We included caregiver's report of their child's sex, age in years, and presence of a behavioral, developmental, or physical health condition as potential moderators. The NSCH presented respondents with a list of health conditions and asked caregivers whether a doctor or other health care provider ever diagnosed their child with any of the listed conditions. The conditions fell into three groups: behavioral (attention deficit/hyperactivity disorder, behavioral or conduct problems), developmental (developmental delay, autism spectrum disorder, intellectual disability, speech or other language disorder, learning disability), and physical (arthritis, asthma, cerebral palsy, diabetes, epilepsy, heart condition, and headaches). We classified behavioral conditions as a moderator since children with behavioral concerns may have behavioral challenges in EAs. This may attenuate the relationship between EA and anxiety/depression diagnosis. We created a single indicator variable for whether the caregiver endorsed that their child had any behavioral, developmental, or physical condition since there was a high degree of correlation for a child having another health condition if they endorsed at least one condition. A sensitivity check confirmed the results were similar when each sub-category was included separately in the model.

      Covariates

      We selected child, family, and neighborhood-level covariates for their potential to influence both our primary independent and dependent variables. Child-level covariates included a race/ethnicity variable (Non-Latinx Asian/Pacific Islander, Black, Multiracial/Native American, White, and Latinx any race). Race, a social construct, was used as a marker of structural and interpersonal racism. We included separate indicator variables for whether the child was born in the U.S and whether the child was adequately and continuously insured for the prior 12 months. Family-level covariates included the highest level of parental education in the household (less than high school, high school graduate/GED, some college, college graduate or more), household family structure (2 biologic/adoptive parents who are married, 2 biologic/adoptive parents who are not married, 2 parents with 1 non-biologic parent, single mom, single dad, grandparent or other non-parent caregiver), categorical number of children in the household variable (1, 2, 3, 4 or more children), and household income variable (0-99% federal poverty limit, 100-199%, 200-300%, 400% or greater). Of note, the household family structure variable does not consider caregivers outside the respondents’ household. Neighborhood-level covariates included whether litter/garbage on the street or sidewalk, poorly kept or rundown housing, or vandalism were reported in the neighborhood, the number of reported neighborhood amenities including (1) sidewalks or walking paths, (2) park or playground, (3) recreation or community center or boys’ and girls’ club, and (4) library or bookmobile (coded as a count variable from none to four or more), and whether parents definitely or somewhat agreed that their child was safe in their neighborhood.

      Analyses

      We obtained frequencies, weighted percentages, and weighted sample means to capture national estimates for the variables of interest. We used chi-square and t-tests to assess bivariate associations between those children who did and did not participate in EA over the past 12 months to assist with identification of children who were under-represented in EA participation.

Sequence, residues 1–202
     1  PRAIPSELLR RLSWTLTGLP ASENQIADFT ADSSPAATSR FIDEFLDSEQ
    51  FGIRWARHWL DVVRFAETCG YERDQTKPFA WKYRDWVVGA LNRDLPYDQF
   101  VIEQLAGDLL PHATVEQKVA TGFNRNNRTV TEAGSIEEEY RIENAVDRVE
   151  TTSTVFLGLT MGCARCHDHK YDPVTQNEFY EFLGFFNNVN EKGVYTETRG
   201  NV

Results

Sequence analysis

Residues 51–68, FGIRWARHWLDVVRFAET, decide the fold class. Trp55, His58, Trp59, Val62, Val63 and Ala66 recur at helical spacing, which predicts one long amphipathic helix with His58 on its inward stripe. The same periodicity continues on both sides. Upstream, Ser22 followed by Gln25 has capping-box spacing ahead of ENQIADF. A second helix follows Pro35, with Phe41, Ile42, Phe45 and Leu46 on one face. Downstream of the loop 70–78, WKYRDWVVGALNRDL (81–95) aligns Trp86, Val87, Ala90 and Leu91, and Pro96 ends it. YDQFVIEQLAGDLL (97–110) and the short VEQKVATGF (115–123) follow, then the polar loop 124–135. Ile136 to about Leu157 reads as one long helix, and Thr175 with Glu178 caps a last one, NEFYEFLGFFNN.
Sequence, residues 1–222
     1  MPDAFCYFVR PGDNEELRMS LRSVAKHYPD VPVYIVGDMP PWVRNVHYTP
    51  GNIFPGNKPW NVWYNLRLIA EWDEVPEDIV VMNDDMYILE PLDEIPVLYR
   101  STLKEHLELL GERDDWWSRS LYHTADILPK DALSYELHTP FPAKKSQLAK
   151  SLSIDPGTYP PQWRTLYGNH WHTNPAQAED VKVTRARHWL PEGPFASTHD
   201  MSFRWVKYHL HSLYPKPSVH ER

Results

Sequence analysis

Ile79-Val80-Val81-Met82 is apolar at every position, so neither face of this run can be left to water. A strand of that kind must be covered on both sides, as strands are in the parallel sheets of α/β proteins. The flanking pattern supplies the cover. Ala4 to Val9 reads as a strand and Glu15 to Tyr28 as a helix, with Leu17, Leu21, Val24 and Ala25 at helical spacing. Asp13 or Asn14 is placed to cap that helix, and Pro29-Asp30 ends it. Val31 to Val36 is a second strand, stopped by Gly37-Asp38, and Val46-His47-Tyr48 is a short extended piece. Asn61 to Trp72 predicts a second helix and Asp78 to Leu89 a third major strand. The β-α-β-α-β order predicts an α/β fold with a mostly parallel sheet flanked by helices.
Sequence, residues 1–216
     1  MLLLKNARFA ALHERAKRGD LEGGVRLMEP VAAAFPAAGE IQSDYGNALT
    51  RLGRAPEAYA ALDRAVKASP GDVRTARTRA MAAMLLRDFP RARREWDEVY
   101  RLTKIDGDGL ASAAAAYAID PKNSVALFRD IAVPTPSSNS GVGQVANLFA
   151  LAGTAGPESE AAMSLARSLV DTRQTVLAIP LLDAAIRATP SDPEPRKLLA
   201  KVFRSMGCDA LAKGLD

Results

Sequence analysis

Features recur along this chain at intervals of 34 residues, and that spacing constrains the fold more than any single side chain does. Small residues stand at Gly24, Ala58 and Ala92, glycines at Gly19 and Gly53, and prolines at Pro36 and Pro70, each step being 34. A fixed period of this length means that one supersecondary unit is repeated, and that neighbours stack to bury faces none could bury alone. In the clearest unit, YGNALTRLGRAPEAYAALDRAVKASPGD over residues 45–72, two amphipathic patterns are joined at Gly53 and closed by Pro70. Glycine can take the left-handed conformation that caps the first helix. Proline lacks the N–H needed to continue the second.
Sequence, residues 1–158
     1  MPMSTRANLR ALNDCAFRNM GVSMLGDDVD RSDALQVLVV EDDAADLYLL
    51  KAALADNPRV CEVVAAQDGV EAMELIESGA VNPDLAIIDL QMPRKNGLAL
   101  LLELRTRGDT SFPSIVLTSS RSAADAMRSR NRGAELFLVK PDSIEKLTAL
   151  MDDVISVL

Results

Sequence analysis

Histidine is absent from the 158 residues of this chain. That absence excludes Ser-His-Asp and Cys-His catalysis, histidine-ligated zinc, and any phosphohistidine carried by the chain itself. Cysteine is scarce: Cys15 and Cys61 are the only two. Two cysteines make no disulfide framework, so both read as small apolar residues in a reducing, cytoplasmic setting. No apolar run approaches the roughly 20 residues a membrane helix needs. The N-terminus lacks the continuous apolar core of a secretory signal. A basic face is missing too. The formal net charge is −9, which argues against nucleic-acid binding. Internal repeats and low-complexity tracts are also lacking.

We used NSCH survey weighted and adjusted multiple logistic regressions to test associations between EA participation and the mental health of the child and caregiver as well as the parents’ experience of parental aggravation. In the initial models, the potential moderators (child sex, age, presence of a health condition) were included as covariates without interaction terms. Afterward, we included interaction terms for the three potential moderators in separate models to test whether the relationship between EA participation and child anxiety/depression varied by the moderators. Sub analyses evaluated whether results varied by the EA number or type. Per Linktest, models were well calibrated. We used post estimation margins commands to obtain predictive probabilities and STATA 17.0 software for all analyses.

      Missing Data

      The NSCH imputed missing values for child sex, race/ethnicity, and total family income. Following imputation, all variables examined for this study had less than 3% missing. Therefore, we used complete case analysis.

      Results

      Descriptive Statistics

      Our sample included 21,259 children aged 6-17, which represented 72% of the total NSCH sample. A majority (82%) of the children participated in at least one EA in the last 12 months. The percentage of children who were ever diagnosed with anxiety and/or depression was 13% and 6%, respectively. This represents an increase in prevalence from 2016 NSCH data, when the percentage of children aged 3-17 with anxiety and depression were 7% and 3%, respectively.
      • Ghandour RM
      • Sherman LJ
      • Vladutiu CJ
      • et al.
      Prevalence and Treatment of Depression, Anxiety, and Conduct Problems in US Children.
      A sizeable number of children were living with a behavioral (16%), developmental (15%), or physical (22%) condition. Overall, the percent of children living with parents who report “often” or “always” feeling aggravated from parenting or having “fair” or “poor” mental/emotional health was relatively low in this sample at 6% and 5%, respectively. Table 1 displays the weighted descriptive statistics.
      Table 1Sample Characteristics for Children Ages 6-17 from the 2019 National Survey of Children's Health and Bivariate Statistics for Children Who Did and Did Not Participate in Extracurricular Activities
      n (weighted %)No Extracurricular Activities